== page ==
How Clinton and Trump Differ on National Security

By Walter Pincus

Pulitzer Prize Winning Journalist Walter Pincus is a contributing senior national security columnist for The Cipher Brief. He spent forty years at The Washington Post, writing on topics that ranged from nuclear weapons to politics. He is the author of Blown to Hell: America's Deadly Betrayal of the Marshall Islanders. Pincus won an Emmy in 1981 and was the recipient of the Arthur Ross Award from the American Academy for Diplomacy in 2010.  He was also a team member for a Pulitzer Prize in 2002 and the George Polk Award in 1978.  

The Defense Department under a President Hillary Clinton will for the most part continue in the direction it’s been going under President Barack Obama.

Don’t be surprised to see Defense Secretary Ash Carter remain in that position in a Hillary Clinton administration, much as when after the 2008 election, President-elect Obama got Robert Gates to remain in the job until July 2011. 

Given the new initiatives that Carter has recently begun in Defense Department structure, personnel, research and acquisition, it would make sense to keep his team in place for at least a year, if Clinton agrees with the direction they are going.  The indication is she does, though she has not been specific.

Donald Trump has railed repeatedly about America’s military weakness and has set a goal of building up U.S. forces without saying how much it would cost and where the funds would come from to support it.

Clinton has talked of the U.S. military today as being the greatest in the world but last fall, during a town hall meeting in New Hampshire, said: “I think we are overdue for a very thorough debate in our country about what we need [for defense], and how we are going to pay for it.”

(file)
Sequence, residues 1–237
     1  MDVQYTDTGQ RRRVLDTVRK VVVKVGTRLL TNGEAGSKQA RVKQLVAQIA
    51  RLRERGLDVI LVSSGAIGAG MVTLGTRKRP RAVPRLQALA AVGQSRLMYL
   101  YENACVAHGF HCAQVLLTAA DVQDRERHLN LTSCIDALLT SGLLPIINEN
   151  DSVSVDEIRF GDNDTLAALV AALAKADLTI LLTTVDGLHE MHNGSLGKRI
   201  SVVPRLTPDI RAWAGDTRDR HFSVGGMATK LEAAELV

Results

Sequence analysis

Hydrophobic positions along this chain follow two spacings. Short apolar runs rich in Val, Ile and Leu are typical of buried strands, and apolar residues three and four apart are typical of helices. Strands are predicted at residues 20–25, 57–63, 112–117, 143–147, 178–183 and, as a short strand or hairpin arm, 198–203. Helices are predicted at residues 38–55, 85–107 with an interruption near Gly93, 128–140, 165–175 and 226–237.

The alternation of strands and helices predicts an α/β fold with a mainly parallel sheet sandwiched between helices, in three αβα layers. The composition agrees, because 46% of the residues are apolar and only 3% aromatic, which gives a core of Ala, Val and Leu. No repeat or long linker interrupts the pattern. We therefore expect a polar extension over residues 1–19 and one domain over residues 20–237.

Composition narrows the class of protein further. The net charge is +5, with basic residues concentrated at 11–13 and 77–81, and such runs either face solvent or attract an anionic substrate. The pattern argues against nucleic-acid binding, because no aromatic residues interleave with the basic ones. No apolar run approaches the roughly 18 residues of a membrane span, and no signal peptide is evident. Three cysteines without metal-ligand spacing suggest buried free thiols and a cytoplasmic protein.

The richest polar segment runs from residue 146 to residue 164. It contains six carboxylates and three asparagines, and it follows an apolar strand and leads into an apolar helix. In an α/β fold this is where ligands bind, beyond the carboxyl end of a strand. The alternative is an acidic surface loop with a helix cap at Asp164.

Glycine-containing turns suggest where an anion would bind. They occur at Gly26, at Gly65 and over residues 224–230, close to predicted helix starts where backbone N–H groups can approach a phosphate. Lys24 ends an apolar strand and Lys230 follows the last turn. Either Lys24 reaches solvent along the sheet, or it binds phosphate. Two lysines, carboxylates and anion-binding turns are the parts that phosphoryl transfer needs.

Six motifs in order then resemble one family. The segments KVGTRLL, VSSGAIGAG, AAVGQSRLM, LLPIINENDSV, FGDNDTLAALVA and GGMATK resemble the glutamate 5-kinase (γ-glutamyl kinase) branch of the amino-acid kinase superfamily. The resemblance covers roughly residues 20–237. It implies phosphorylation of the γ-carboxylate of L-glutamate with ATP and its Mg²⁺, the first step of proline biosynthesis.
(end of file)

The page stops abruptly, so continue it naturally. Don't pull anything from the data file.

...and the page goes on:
At that time, she called for a high-level commission to examine U.S. defense spending, a suggestion she has yet to expand on. But when she takes it up again during the fall campaign, as I expect she will, she hopefully will include instituting some excise tax or surcharge on personal or corporate taxes as American presidents have done in paying for all wars prior to George W. Bush’s initiating the war on terrorism.

A tax would be a way to get more than the one percent of the public that today has a direct connection with the fighting to support the war beyond watching it on television or standing for a moment at sports and other events.

Such a tax should at least cover the Overseas Contingency Operations account, which primarily pays for fighting in Iraq, Afghanistan, Syria, and elsewhere. In the Obama fiscal 2017 Defense budget, it totaled some $59 billion. The House cut that figure to $36 billion but limited its authorization to April 30, 2017, requiring the next president to seek supplemental funds for the remainder of the year.   

Clinton’s policy papers call for many of the reforms in military pay and allowances, as well as Defense Department health care for active and retired personnel and their families that are currently being proposed and considered by Congress.

In her June 2 speech, Clinton reflected current policy for dealing with the Islamic State (ISIS) saying, “We need to take out their strongholds in Iraq and Syria by intensifying the air campaign and stepping up our support for Arab and Kurdish forces on the ground. We need to keep pursuing diplomacy to end Syria’s civil war and close Iraq’s sectarian divide because those conflicts are keeping ISIS alive.”

In contrast to Donald Trump’s promise last April that under his secret plan ISIS’s “days are numbered,” Clinton talked of further tightening ties “with our allies…[to] ensure our intelligence services are working hand-in-hand to dismantle the global network that supplies money, arms, propaganda and fighters to the terrorists.”